Today’s the big day.
Starting at 10 a.m. local time in Oregon and ending at 3 p.m. Eastern time in South Carolina, a total solar eclipse will make its way across the United States, the moon blocking out the sun for a short period of time and grabbing the attention of those below on Earth, according to The New York Times.
To celebrate, Americans are throwing solar eclipse watching parties, traveling to states in the path of totality and — most importantly — getting their hands on a pair of protective solar eclipse glasses to ensure a safe viewing experience for the hyped-up event.
Never miss a local story.
But what should you do with those sun-gazing glasses once the eclipse has come and gone, especially considering the next total solar eclipse in North America won’t be until April 2024?
Here are some ways you can repurpose or dispose of the protective eye gear.
Around 7,000 libraries handed out more than 2 million paper solar eclipse glasses that were provided by the Space Science Institute/National Center for Interactive Learning in preparation for today’s eclipse, according to the Press & News.
That means a lot of recyclable material will be out of use starting Tuesday.
So help the environment and chuck your paper-based glasses into a recycling bin — but just make sure to remove the solar-filter lenses before you do so, Patrick Morgan, a recycling specialist for Oregon Metro in Portland, said to Earth911.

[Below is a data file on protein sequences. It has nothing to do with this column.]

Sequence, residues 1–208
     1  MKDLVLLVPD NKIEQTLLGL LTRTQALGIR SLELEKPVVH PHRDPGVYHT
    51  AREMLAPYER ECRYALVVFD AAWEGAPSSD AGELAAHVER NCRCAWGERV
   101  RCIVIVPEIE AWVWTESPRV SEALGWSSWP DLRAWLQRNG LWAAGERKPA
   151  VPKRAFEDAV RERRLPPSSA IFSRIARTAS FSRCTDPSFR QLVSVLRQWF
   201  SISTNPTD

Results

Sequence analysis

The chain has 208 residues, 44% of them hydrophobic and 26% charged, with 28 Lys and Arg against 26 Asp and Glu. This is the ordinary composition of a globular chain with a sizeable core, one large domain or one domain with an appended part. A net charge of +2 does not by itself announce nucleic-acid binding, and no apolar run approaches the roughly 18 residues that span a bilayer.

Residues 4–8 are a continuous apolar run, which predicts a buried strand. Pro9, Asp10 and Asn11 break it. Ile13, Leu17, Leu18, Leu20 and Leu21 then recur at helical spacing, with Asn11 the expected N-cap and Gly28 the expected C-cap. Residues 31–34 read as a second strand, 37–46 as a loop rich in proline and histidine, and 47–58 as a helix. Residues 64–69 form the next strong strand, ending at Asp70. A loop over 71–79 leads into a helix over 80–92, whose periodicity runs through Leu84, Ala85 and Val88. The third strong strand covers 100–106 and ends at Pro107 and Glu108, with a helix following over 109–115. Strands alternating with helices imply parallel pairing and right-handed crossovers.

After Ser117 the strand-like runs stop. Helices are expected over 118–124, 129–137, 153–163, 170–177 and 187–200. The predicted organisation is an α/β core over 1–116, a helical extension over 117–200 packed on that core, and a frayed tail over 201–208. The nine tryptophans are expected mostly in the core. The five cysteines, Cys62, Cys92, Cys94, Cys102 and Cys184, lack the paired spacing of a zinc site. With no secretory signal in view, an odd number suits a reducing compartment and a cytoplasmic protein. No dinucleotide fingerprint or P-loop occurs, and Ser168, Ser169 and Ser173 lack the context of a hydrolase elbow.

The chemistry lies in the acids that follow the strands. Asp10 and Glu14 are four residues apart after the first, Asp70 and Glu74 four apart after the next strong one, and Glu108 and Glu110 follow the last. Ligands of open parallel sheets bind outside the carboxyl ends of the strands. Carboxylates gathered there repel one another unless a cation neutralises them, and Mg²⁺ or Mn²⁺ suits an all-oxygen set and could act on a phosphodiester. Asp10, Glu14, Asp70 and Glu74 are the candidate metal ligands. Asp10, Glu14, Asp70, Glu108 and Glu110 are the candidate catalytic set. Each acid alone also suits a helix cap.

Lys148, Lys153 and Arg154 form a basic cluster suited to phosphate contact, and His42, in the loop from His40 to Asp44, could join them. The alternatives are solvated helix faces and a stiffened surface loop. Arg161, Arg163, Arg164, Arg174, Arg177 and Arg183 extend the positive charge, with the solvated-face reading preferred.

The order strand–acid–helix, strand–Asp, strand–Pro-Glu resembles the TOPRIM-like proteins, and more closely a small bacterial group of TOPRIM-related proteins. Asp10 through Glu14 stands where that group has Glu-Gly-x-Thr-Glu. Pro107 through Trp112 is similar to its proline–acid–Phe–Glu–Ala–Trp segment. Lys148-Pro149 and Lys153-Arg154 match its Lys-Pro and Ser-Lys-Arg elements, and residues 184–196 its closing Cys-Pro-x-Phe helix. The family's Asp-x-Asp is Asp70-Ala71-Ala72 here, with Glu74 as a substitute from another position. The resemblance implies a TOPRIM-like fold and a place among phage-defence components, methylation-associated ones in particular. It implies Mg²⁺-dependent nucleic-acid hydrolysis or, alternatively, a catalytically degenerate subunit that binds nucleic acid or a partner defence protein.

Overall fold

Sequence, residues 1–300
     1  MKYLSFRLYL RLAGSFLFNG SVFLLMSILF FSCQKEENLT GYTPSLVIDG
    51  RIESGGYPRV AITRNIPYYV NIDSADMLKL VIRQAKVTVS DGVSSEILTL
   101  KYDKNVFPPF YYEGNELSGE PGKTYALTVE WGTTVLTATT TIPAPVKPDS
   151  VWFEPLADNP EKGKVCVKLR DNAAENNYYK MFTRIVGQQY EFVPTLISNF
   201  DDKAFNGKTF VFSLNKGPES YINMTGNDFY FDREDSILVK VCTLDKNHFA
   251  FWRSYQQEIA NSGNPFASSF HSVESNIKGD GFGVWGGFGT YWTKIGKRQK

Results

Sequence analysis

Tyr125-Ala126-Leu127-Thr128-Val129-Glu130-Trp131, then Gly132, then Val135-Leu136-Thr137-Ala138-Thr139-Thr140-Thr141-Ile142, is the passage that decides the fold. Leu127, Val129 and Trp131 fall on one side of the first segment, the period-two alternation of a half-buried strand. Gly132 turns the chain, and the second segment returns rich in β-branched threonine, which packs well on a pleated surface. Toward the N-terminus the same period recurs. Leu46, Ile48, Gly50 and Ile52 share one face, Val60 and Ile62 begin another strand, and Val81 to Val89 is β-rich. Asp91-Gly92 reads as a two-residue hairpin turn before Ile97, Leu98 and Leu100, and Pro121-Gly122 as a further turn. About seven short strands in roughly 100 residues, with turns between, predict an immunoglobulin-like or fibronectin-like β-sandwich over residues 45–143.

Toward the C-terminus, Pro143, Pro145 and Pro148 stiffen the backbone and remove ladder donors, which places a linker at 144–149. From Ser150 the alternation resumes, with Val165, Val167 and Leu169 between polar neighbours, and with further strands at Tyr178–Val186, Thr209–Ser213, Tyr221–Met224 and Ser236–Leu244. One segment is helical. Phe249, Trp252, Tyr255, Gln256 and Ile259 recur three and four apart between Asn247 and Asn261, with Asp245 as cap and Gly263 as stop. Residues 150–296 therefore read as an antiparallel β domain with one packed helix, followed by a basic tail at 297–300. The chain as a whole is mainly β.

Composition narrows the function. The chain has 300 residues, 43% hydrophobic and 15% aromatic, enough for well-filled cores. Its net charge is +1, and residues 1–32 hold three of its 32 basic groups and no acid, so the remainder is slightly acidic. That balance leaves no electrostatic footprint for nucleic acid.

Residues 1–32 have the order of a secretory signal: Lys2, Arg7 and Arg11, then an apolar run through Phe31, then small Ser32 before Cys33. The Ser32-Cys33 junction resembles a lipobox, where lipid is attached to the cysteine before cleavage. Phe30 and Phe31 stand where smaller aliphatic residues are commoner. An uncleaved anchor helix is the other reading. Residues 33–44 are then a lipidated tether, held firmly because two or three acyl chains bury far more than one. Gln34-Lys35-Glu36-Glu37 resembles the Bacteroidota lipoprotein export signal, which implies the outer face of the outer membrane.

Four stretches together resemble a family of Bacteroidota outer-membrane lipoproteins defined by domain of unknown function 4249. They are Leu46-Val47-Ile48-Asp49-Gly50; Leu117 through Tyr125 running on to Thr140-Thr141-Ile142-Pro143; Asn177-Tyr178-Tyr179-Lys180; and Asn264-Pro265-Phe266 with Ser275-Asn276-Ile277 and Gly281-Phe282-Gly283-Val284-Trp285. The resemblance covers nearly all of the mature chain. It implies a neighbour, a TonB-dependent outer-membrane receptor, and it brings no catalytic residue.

You should be able to recycle your paper glasses as long as they don’t contain a moisture-resistant coating, he added. The filters might also be recyclable as well — check with a local camera store that processes film to see if they can recycle solar-filter lenses.
Don’t try to recycle plastic frames.
But what should you do if you can’t recycle your glasses — or you just don’t want to part with them?
First, see if they are reusable. There should be instructions on the glasses or with the packaging that clarify if they can be worn again and for how long they last. Just be sure to check that the solar-filter isn’t punctured, scratched or damaged in anyway.
They might just work until the next total solar eclipse in 2024 – but leading manufacturers warn they usually expire after 3 years, according to Staten Island Live.
Make a souvenir
It’s pretty simple: save the glasses and show them off somewhere.
Brooks Mitchell, the education coordinator for the nonprofit Space Science Institute, told Earth911 he will hang the glasses on a bulletin board “to remind myself of the awesome celestial experience.”
Make a donation
You could give the glasses to someone else in need of them.
Astronomers Without Borders is asking for donations of solar eclipse glasses to help distribute to schools in South America and Asia for upcoming eclipses in 2019. You can find information on where to donate your glasses on the group’s Facebook page.
Irene Pease, a board member of Amateur Astronomers Association of New York, also suggested asking local school officials and recreational programs if they could make use of the glasses for astronomy activities.
Make a fashion statement
When all else fails, get creative — Pease told Earth911 that’s what she plans to do.
“I wouldn’t mind a pair of eclipse-filter earrings,” Pease said, “as an astro-fashion statement.”